Only the difference between hope and despair in the end, between two totally different visions of life; between “chance or the dance”. At death we find out which vision is true: does it all go down the drain in the end, or are all the loose threads finally tied together into a gloriously perfect tapestry? Do the tangled paths through the forest of life lead to the golden castle or over the cliff and into the abyss? Is death a door or a hole?
To medieval Christendom, it was the world beyond the world that made all the difference in the world to this world. The Heaven beyond the sun made the earth “under the sun” something more than “vanity of vanities”. Earth was Heaven’s womb, Heaven’s nursery, Heaven’s dress rehearsal. Heaven was the meaning of the earth. Nietzsche had not yet popularized the serpent’s tempting alternative: “You are the meaning of the earth.” Kant had not yet disseminated “the poison of subjectivism” by his “Copernican revolution in philosophy”, in which the human mind does not discover truth but makes it, like the divine mind. Descartes had not yet replaced the divine I AM with the human “I think, therefore I am” as the “Archimedean point“, had not yet replaced theocentrism with anthropocentrism. Medieval man was still his Father’s child, however prodigal, and his world was meaningful because it was “my Father’s world” and he believed his Father’s promise to take him home after death.
via What Difference Does Heaven Make?.
Editor’s Note: Each year around Christmastime we post a slightly updated version of the following personal Christmas reflection which offers an alternate custom to the celebration of the great Feast. I wrote it some years ago, and every year since I receive email from new visitors to this site gently chastising The Remnant for not posting it earlier in Advent so as to allow time for families to adopt as their own some of the customs herein suggested.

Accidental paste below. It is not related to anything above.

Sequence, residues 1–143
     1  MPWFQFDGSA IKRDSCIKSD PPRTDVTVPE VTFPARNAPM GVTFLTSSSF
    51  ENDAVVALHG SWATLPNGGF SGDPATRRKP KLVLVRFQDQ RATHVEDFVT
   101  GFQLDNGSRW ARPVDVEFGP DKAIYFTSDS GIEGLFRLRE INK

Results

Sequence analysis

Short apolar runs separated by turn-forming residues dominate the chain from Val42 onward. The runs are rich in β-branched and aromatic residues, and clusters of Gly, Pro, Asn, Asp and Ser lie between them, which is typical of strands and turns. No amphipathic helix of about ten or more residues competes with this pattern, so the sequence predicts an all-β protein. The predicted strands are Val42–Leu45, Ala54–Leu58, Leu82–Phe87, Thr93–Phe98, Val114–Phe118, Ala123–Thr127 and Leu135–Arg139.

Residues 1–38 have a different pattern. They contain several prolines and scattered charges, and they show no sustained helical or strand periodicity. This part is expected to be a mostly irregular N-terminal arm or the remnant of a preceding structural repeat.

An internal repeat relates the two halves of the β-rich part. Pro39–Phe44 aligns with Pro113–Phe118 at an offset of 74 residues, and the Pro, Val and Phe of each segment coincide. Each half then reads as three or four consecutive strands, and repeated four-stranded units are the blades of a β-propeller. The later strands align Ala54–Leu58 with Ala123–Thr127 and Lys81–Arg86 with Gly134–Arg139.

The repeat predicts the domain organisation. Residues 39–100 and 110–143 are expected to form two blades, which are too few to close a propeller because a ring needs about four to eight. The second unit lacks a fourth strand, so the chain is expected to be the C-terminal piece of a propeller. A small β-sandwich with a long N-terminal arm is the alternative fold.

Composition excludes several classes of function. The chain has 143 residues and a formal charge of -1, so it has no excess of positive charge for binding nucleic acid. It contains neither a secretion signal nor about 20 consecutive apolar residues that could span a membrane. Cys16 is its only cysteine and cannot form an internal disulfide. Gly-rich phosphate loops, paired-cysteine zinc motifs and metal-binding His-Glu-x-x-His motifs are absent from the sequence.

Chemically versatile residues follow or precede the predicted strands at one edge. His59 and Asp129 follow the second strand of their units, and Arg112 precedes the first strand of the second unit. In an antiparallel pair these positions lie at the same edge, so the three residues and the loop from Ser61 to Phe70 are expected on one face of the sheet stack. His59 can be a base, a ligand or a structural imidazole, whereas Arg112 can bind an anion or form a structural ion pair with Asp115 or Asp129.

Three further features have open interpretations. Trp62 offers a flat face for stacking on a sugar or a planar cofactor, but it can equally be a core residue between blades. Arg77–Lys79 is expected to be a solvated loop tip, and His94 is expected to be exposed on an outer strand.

Over the years many Catholic families have adopted the old Christ Child tradition, believing it to be a beautiful means of restoring the true meaning of Christmas while strengthening Catholic identity in children. And it can be gradually implemented, of course.
Santa Claus (St. Nicholas), for example, can still be invited to visit the Catholic home on Christmas morning but in a dramatically reduced capacity, perhaps leaving a few stocking stuffers above the mantle and moving on.
As it was in Catholic homes throughout Christendom, Christmas must become all about the Christ Child once again. And a truly merry Christmas remains forever predicated on careful observance of Advent. No Christmas trees, no lights, no good things to eat until December 25, when the time of waiting comes to an end and all of Christendom rejoices at an event so magnificent even a two-year-old gets it. Christ is to be born—and the world, the flesh and the Devil will never change that reality, no matter how hard they try.
Happy Holidays? Yeah, right! It’s time to take Christmas back, and here’s one suggestion for how to do it, based on traditions as old as Christendom itself. MJM
Read this at Reclaiming Christ at Christmas